Contemporary western philosophy is degenerate

When I was 30 credits into a philosophy major at a small northeastern private college, it dawned on me, during a class on ecofeminism, that Western philosophy had largely become degenerate. At that time, it also stuck me as odd that many of my Nietzsche quoting colleagues failed to see this. Since, I’ve watched the degeneration progress on pace. What originally riffed me was the growing hegemony of liberal thought. And the unwillingness give justice to counter-positions. Witkerk, well captures the current state of affairs:

The Philosophy Department Looks at Immigration

<a href="Cole is at pains to refute the family of arguments developed within liberal theory that claim to show that immigration restrictions exercised by liberal nation-states are ethically justifiable.

[M]y aim is to show that these arguments fail to be ethically consistent with liberal theory’s own central moral principles.

No doubt such an argument can easily succeed on its own terms. As Professor Cole says, the central principles of liberalism are equality and universality. The very existence of nation-states is a violation of these principles: nation-states by definition must distinguish between insiders and outsiders, and treat the two groups differently. To cut to the chase, Professor Cole is mainly concerned with what he calls “exclusion based on racism.” He takes an extremely dim view of “racism”—kind of like Professor Wellman and the Nazis—and he is confident that all readers will concur with him:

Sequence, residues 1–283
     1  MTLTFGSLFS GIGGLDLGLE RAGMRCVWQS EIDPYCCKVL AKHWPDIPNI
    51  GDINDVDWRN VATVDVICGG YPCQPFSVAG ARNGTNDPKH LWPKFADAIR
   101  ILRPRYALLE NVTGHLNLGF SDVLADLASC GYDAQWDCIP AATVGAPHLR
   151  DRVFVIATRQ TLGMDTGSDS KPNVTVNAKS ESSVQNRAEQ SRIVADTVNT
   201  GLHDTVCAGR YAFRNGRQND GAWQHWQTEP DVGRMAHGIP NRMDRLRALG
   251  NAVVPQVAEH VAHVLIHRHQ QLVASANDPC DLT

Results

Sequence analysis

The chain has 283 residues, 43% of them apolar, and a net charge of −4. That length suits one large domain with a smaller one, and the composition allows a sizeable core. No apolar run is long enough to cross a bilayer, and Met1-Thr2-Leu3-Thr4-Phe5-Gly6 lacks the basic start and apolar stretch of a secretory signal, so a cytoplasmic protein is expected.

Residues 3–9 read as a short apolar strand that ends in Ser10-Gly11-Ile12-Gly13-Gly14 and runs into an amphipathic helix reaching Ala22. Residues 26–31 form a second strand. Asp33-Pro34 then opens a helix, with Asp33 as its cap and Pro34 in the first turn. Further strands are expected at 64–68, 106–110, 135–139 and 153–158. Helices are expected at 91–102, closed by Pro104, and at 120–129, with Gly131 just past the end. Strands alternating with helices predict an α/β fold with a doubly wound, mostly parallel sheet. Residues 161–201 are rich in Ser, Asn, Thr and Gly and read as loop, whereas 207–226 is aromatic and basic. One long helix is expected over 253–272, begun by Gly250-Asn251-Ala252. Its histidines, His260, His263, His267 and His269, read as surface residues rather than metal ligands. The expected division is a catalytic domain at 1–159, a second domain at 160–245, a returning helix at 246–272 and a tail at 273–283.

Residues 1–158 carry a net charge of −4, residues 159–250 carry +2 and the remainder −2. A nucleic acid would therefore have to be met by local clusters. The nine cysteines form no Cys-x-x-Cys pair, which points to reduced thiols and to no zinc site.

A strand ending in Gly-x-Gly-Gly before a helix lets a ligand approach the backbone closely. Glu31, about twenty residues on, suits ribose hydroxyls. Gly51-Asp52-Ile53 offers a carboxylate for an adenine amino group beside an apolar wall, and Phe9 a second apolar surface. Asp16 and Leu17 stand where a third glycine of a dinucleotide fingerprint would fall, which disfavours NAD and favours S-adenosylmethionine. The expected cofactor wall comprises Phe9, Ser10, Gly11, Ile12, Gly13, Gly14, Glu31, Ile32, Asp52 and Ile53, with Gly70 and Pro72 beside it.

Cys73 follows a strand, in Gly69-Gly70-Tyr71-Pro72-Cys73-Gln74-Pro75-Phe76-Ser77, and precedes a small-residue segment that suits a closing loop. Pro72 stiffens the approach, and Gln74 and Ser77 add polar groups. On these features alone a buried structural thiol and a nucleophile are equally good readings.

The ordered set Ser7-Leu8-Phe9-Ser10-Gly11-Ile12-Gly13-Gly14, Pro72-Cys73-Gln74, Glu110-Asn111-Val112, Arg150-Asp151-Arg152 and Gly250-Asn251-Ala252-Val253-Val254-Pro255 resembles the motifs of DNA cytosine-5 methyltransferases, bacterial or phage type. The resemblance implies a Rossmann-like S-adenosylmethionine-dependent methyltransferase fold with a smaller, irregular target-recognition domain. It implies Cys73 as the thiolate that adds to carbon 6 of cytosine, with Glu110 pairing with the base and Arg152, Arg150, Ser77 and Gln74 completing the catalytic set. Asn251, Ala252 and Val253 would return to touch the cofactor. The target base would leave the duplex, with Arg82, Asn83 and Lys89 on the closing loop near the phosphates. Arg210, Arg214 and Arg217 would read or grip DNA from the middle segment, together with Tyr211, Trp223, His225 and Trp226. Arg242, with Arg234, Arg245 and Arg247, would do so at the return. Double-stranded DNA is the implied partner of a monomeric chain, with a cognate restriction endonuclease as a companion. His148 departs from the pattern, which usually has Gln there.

Racism as an issue is more or less absent from philosophical discussions of immigration controls, probably because all of the participants are strongly antiracist. [My emphasis.-MW]

Professor Cole offers a brief history of what he considers to have been “exclusions based on racism,” including the Chinese Exclusion Act, the White Australia Policy, the United Kingdom’s Aliens Act (1905), as well as restrictive legislation in the history of Canada, New Zealand and Natal (South Africa). If by “racism” Professor Cole means attention to ancestry, I am happy to concur with him: a great deal of immigration policy has been, and still is, motivated by such concerns. Are you thinking of applying for citizenship in India? It helps to be Indian. If you have China or Taiwan in your sights, best to be Chinese. South Korea gives preference to Koreans. Liberia and Haiti have both imposed constitutional requirements that citizens be of African ancestry. Is this regard for the ancestry of immigrants “racism?” Professor Cole doesn’t say. All his examples of “racist” immigration law involve white countries excluding various swarthy peoples. Professor Wellman’s views on this issue are also dubious, although at one point he explicitly holds that Norway belongs to the Norwegians. Yet elsewhere he makes this revealing remark:

It seems to me that there must be something wrong with a country’s denying admission on the basis of race. I must confess, however, that I find it surprisingly difficult to provide an entirely satisfying argument for this conclusion.

Recall that Professor Cole similarly refused to argue against “racism” on the grounds that everybody already agreed with him.